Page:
Assembling the Dinosaur: Fossil Hunters, Tycoons, and the Making of a Spectacle -- A Virtual Discussion with Lukas Rieppel
Dinosaur fossils were first found in England, but during the late nineteenth century a series of spectacular discoveries in the American West turned the United States into a world center for vertebrate paleontology. Around the same time, the U.S. also emerged as an economic powerhouse of global proportions, and large, fierce, and spectacular creatures like Tyrannosaurus, Brontosaurus, and Triceratops became powerful emblems of American capitalism. In Assembling the Dinosaur, Lukas Rieppel reveals how these giant extinct reptiles became entwined with commercial culture, philanthropy, and the popular imagination during America’s Long Gilded Age.
Join Lukas Rieppel in conversation with dinosaur-enthusiast and APS Head of Scholarly Programs Adrianna Link as they discuss how the dinosaur became such an integral part of American society. Robert McCracken Peck, curator of art and artifacts and senior fellow of the Academy of Natural Sciences of Drexel University, will offer introductory remarks on the early history of paleontology in Philadelphia.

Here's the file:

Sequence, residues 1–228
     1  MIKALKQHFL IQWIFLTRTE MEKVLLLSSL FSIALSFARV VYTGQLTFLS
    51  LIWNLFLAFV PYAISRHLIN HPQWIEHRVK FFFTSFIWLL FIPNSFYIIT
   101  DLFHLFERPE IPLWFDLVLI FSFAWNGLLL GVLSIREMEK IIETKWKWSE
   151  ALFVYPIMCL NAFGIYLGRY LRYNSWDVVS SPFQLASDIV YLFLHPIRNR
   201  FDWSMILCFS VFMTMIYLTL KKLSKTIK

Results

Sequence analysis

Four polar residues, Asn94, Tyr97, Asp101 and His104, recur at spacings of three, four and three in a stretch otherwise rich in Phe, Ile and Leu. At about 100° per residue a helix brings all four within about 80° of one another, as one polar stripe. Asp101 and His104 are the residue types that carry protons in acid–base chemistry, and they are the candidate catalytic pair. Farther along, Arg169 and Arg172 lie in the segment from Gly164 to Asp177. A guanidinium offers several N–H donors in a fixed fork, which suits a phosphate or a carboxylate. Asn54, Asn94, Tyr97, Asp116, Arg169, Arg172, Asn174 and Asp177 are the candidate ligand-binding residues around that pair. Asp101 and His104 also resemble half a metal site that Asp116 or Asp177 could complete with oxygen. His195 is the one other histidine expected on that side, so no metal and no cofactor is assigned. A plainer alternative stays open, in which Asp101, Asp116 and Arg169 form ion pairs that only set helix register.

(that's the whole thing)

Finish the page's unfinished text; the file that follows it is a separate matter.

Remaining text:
The event will take place on Wednesday, May 20 at 1:00 p.m. EDT via Zoom. The event is free of charge; registration is required to attend.
Lukas Rieppel teaches the history of science, the history of capitalism, and nineteenth century US History at Brown University. His book on the history of dinosaurs and American capitalism, Assembling the Dinosaur: Fossil Hunters, Tycoons, and the Making of a Spectacle, was recently published by Harvard University Press.